Using the extrapolated daily cumulative case numbers, we estimated the daily number of newly detected COVID-19 cases. Subsequently, we assumed different proportions of new patients needing intensive care (3–10%), based on the experience in Spain (6.2%) (5), Italy (9–11%) (6), and the USA (8.2%) (7). Based on the calibration study (see below) for the German data, we assumed a proportion of 3%.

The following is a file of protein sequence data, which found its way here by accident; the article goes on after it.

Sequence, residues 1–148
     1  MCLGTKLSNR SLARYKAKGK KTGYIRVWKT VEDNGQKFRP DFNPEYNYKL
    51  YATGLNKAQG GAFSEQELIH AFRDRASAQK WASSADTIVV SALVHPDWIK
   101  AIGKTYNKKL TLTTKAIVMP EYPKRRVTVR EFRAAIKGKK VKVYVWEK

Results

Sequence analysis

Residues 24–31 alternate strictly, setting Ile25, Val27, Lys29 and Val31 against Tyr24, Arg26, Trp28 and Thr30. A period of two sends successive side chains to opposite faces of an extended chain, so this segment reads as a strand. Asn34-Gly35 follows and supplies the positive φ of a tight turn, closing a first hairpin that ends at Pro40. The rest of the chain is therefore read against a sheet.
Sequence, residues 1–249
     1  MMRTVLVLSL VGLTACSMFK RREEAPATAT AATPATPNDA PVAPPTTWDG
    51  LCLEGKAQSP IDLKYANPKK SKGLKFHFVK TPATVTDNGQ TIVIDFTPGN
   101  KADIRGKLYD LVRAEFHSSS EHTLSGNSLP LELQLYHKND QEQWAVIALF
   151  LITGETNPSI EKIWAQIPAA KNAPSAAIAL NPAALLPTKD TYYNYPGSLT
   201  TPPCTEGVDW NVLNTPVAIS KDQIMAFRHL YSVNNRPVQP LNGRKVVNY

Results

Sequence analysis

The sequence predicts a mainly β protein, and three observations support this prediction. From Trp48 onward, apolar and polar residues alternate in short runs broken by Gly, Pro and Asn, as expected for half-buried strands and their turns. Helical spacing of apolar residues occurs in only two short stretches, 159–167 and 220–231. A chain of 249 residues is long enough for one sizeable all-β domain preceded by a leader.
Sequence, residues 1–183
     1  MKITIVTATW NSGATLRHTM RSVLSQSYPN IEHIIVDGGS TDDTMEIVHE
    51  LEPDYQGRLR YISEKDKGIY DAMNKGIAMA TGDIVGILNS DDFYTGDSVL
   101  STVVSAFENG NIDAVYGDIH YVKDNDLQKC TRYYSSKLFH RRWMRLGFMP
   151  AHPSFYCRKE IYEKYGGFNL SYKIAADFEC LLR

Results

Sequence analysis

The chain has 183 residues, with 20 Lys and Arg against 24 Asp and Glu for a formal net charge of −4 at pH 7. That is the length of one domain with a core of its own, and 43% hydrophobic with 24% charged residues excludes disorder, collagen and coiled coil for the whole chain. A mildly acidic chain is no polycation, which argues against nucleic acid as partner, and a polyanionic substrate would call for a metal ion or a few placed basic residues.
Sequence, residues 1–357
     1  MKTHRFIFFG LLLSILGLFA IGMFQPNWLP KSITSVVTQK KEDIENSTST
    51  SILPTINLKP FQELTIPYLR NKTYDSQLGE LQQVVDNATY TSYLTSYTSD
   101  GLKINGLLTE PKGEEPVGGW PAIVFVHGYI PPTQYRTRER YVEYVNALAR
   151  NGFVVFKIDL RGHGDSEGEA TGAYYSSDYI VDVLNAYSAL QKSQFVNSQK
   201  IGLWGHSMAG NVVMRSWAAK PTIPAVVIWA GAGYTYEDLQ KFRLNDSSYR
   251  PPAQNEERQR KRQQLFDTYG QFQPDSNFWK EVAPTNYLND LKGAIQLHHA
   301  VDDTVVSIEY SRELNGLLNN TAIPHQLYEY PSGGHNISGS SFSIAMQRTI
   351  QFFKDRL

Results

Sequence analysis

In addition, we assumed an average period of 8 days from detection of COVID-19 to the need for intensive care. We assumed the duration of intensive care to be either 14 or 20 days. The estimated number of daily ICU cases up to 18 April is based on the daily numbers of new COVID-19 infections reported by the Robert Koch Institute (RKI) up to 10 April 2020. The assumed interval of 8 days between reporting and the requirement for intensive care explains why the daily ICU cases until 18 April could be estimated from empirical data. Thereafter, the estimated numbers are based on the extrapolated new COVID-19 case numbers as yielded by the three scenarios mentioned above for the period 11 April through 30 June 2020. The number of COVID-19 patients requiring oxygenation or ventilation in the ICU can be calculated by multiplying our case numbers for COVID-19 patients needing ICU treatment by 73.7%, which corresponds to the proportion of COVID-19 patients in the ICU requiring oxygenation or ventilation.